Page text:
Words and music by Shaun Groves
This way is paved with tears
Shed for two thousand years
Wrung from the saints sincere
Martyred and mourned
Spirit who scorched their veins
Burn in my bones the same
Bid me to earn their chains
And take the cross of my Lord, my Lord and
Give up the whole wide world
Give up the whole wide world
For my share of blessing and beauty and bloodshed
And wonders and woes
The wonders and woes of the narrow
Of the narrow
This way is eased with song
Sung where we don't belong
Sung till the weak are strong
And home with my Lord, my Lord
Take my life
Pour me out
Story Behind The Song:
MATTHEW 5:10-12 "Blessed are those who are persecuted because of righteousness, for theirs is the kingdom of heaven. Blessed are you when people insult you, persecute you and falsely say all kinds of evil against you because of me. Rejoice and be glad, because great is your reward in heaven, for in the same way they persecuted the prophets who were before you."
The faces on that hillside 2,000 years ago must have been etched with a mixture of anger and bewilderment at this point in Jesus' sermon. And, to be honest, He had irreparably ruined his chances of a large altar call or good merchandise sales. Poverty, mourning, surrender, showing mercy to the trash of this world, severing ties with it as well, and now being kind to those brutes the Romans?
Then Jesus issues his most repulsive blessing yet, the one that will insure Him few followers. "Blessed are those who are persecuted because of righteousness." He promises that if we follow Him in the seven ways just described, we will be persecuted, a word that means to be pursued with intent to physically harm or kill. We can be certain that a life beginning with admitted poverty and eventually dedicated to mercy showing, allegiance cutting and peace making will cost us greatly. It seems that while we in Christian ministry/industry focus so much on lowering the bar and widening the way in order to increase the numbers of converts, amount of revenue, and acceptance of our faith, Jesus does the opposite. He makes sure the thousands listening to Him then and today realize His way is narrow and the bar is too high to ever be popular.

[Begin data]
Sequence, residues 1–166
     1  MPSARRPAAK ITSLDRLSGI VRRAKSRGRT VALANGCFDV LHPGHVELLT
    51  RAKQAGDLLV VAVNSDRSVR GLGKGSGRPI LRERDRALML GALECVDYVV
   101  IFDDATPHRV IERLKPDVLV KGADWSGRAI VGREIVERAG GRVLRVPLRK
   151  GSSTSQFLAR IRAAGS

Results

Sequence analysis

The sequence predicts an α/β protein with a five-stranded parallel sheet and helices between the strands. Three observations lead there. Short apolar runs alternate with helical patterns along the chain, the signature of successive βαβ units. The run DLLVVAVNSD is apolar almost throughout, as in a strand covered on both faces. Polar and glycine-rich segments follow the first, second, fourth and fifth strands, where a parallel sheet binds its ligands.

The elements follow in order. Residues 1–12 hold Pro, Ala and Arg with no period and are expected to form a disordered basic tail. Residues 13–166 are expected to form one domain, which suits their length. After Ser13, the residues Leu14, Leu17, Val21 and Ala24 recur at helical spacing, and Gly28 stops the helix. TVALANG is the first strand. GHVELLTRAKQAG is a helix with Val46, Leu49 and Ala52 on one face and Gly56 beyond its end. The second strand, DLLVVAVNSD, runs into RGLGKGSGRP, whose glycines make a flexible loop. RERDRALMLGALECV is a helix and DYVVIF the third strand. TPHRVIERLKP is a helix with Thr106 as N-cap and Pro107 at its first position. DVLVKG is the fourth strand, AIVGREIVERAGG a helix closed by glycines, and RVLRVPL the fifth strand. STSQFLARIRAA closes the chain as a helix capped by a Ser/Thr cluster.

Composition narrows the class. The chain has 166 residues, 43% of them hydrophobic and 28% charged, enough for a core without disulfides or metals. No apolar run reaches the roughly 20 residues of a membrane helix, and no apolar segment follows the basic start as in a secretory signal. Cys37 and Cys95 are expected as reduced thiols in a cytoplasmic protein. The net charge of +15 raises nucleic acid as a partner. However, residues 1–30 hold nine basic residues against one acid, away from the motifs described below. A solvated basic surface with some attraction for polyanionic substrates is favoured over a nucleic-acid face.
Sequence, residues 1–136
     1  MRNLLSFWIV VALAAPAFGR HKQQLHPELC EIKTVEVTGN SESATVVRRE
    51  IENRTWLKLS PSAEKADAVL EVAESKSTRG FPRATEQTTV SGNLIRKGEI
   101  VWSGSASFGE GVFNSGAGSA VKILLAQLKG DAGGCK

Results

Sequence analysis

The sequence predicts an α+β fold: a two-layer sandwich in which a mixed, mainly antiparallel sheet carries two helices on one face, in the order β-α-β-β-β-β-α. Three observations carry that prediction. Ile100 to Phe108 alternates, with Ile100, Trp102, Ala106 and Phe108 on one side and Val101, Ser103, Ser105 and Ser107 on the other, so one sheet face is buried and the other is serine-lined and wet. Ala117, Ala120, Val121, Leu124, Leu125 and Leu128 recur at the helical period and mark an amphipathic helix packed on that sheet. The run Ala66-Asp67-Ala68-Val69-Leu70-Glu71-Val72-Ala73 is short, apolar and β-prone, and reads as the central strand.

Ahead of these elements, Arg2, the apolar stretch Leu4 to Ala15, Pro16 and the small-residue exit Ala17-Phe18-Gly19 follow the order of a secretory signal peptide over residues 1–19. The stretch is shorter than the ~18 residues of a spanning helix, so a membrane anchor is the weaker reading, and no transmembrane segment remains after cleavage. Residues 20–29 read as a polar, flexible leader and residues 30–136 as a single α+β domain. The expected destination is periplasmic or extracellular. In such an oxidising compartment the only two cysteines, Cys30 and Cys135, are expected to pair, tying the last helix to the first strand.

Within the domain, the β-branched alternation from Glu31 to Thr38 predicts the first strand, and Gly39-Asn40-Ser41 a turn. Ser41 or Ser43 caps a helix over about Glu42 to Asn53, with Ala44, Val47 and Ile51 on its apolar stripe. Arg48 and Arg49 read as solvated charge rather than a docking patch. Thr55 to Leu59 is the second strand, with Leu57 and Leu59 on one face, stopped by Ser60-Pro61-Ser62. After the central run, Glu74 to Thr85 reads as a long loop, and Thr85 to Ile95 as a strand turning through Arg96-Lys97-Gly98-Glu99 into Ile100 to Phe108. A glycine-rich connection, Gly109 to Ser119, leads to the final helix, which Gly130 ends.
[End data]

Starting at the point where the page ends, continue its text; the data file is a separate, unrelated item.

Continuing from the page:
I forget sometimes that the cross is not just the place where Jesus laid down his life and His perfection to buy mine. It is also a symbol of what happens to the faithful when the pursuit of righteousness collides with Caesar, displeases the crowd and riles up the religious. Following Christ means, in part, following in His footsteps knowing they may lead us to Golgotha .
This causes me to think of the beatitudes, this corridor to Christ-likeness, as a funnel growing more and more confining and difficult to traverse as I walk it. Millions stand at its wide opening and readily admit they are flawed. Many of those, but not all, will stop to mourn and regret their wickedness in our upbeat and positive culture. Many of those, but not all, will roll that shame and sadness into the strong grasp of Jesus. Many of those, but not all, will spend their life chasing after something more than an SUV and a house in the suburbs. Some of those, but not all, will see the needs around them and stop to help, live like a citizen of Heaven and not of earth, and pour love and not loathing on those who intend them harm.
These words of Jesus, preached from an ancient mountainside, if lived out, transform us and our faith into something truly alien, something truly worthy of disdain from pagans and puritans alike. If followed, they might lead us to failure and not success as defined by our culture. And if obeyed, they will birth us a difficult and dangerous life characterized by poverty, scorn, bruises and even death. This is the abundant life we were created for. But this way is narrow.
©2005 New Spring Publishing, Inc./ASCAP (all rights administered by Brentwood-Benson Music Publishing, Inc.)